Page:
There are no active references in this article.
About forty species of elder are known, which are widely spread over the temperate and subtropical parts of the globe. Of these about nine shrubby ones are hardy in Britain. From the remainder of the hardy shrubs of the Caprifoliaceae, the elders are at once distinguished by their pinnate leaves, which always have an odd number (three to eleven) of toothed leaflets. There are, however, other differences of a technical character, considered by some botanists to be weighty enough for Sambucus to be given the rank of a monotypic family, the Sambucaceae. The flowers are borne in umbel-like inflorescences (sect. Sambucus) or in panicles (sect. Botryosambucus); to the latter section belong S. melanocarpa, S. pubens and S. racemosa. The flowers are very uniform in size and hue, being from 1⁄8 to 3⁄16 in. across, and of some shade of white. The various parts are normally in fives. Fruits 1⁄4 in. or less in diameter, globose or nearly so, containing three to five one-seeded nutlets. All the cultivated species are deciduous, and have opposite leaves, the young shoots are soft and full of pith, but the wood of the trunk is hard and bony. A few species are herbaceous, of which the best known is S. ebulus L., which is naturalised in Britain but doubtfully a native.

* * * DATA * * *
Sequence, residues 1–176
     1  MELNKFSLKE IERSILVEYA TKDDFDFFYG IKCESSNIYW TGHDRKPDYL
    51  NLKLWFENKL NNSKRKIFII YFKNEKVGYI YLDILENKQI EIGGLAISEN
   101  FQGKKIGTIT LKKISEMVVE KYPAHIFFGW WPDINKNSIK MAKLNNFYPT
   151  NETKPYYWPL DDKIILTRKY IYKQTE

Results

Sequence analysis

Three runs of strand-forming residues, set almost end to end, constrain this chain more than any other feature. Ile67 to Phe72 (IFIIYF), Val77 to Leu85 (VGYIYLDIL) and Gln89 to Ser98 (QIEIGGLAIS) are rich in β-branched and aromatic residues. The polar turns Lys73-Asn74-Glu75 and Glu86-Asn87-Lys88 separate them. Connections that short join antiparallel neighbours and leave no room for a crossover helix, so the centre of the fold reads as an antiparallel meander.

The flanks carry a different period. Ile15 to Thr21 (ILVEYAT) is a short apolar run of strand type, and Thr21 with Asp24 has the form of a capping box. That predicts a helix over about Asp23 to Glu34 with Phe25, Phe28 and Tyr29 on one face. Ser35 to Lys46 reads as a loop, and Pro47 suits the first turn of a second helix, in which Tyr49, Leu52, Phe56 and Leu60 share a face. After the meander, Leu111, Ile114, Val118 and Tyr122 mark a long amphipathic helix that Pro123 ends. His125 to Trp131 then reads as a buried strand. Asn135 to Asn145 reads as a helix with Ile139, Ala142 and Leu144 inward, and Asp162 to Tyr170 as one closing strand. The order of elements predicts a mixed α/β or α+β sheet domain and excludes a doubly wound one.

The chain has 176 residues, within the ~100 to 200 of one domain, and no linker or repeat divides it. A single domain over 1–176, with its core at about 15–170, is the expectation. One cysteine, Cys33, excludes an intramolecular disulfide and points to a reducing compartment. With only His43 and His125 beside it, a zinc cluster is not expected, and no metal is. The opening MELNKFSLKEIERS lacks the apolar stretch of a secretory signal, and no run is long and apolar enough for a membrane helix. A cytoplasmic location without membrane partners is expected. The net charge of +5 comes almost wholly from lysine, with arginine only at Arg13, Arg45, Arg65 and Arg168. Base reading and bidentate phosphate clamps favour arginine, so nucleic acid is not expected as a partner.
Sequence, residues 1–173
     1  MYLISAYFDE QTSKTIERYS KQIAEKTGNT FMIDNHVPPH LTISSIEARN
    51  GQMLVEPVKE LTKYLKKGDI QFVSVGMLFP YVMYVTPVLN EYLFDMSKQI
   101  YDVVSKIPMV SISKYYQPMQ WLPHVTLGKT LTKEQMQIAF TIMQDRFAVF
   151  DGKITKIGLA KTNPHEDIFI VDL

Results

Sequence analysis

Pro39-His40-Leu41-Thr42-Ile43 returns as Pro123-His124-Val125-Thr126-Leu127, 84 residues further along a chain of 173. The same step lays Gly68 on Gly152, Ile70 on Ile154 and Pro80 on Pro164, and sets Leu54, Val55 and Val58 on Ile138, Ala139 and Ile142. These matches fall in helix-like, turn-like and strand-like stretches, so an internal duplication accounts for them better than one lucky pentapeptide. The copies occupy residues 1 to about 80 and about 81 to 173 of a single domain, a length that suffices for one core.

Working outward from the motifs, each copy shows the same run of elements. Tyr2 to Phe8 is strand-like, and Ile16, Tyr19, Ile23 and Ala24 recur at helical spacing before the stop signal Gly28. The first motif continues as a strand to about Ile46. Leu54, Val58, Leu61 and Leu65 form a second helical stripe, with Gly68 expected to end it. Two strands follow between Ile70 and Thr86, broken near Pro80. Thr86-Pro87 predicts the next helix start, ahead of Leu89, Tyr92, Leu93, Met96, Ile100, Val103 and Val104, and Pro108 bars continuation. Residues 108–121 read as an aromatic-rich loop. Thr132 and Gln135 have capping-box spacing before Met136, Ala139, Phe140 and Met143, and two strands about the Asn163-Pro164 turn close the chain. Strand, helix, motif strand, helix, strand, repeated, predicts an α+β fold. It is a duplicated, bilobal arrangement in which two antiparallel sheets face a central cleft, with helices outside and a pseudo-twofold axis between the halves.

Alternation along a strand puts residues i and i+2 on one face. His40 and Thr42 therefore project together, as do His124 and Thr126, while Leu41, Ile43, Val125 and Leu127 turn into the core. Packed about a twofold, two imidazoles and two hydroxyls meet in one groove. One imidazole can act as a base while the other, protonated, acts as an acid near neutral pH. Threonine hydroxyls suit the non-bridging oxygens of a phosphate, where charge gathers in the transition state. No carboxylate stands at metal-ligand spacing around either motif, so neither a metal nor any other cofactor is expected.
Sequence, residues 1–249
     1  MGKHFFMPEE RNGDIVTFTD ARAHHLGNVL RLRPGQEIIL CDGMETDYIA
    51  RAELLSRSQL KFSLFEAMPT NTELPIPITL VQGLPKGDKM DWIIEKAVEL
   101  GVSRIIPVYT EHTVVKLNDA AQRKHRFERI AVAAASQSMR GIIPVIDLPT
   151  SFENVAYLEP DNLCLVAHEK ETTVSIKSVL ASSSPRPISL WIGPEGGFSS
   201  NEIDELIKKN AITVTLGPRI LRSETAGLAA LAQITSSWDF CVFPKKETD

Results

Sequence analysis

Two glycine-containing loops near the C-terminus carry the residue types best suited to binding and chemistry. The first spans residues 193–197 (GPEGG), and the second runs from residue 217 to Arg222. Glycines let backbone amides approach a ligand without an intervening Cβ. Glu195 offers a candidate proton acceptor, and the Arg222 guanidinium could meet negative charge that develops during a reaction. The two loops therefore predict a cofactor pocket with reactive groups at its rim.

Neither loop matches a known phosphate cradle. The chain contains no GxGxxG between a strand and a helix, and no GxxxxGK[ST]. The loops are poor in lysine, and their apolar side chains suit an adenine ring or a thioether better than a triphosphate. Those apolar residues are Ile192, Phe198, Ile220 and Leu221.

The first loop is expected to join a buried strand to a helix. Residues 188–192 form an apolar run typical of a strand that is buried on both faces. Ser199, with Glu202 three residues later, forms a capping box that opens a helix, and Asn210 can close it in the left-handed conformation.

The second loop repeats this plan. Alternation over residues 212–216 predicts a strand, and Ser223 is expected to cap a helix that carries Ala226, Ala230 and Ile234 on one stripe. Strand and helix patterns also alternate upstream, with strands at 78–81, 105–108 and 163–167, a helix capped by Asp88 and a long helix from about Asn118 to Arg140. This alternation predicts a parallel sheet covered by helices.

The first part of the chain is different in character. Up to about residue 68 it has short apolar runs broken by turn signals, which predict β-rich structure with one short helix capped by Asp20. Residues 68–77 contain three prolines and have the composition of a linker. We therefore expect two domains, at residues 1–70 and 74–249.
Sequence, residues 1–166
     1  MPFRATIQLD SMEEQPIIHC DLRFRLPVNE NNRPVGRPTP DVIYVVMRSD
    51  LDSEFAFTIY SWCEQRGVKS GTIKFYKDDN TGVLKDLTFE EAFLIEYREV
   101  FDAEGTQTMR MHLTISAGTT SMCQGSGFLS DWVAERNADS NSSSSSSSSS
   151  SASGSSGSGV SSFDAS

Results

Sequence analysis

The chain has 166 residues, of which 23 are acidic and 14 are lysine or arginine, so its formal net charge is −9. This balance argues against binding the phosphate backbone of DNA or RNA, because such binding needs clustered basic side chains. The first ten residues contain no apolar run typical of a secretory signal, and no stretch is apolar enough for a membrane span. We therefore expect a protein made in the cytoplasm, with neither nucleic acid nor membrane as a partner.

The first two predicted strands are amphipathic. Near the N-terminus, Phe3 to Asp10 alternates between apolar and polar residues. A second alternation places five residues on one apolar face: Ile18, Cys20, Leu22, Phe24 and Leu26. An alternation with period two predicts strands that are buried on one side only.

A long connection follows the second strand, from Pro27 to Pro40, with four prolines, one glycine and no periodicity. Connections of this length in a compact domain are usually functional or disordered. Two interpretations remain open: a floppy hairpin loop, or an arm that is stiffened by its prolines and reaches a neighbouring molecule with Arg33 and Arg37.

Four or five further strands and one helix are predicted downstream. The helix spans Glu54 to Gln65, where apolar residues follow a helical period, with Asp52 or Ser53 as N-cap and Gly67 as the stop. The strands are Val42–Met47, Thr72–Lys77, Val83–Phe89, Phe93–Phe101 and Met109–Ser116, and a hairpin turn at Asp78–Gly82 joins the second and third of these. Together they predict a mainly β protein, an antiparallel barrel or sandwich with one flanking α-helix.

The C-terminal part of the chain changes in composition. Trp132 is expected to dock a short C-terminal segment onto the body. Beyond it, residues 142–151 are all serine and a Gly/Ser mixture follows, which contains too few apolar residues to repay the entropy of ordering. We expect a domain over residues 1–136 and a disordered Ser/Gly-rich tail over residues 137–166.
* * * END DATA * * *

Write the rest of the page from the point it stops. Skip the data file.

The elders like a good, moist soil, and given this are not hard to accommodate. They can be propagated by cuttings either of leafless wood put in the open ground in early winter, or by half-ripened young wood with a heel in frames. The pruning of the sorts grown for their foliage should be done before growth commences.
Although long considered to be part of the Caprifoliaceae (Honeysuckle family), Sambucus is now usually placed in a separate monotypic family – the Sambucaceae – intermediate between the Caprifoliaceae and the Staphyleaceae.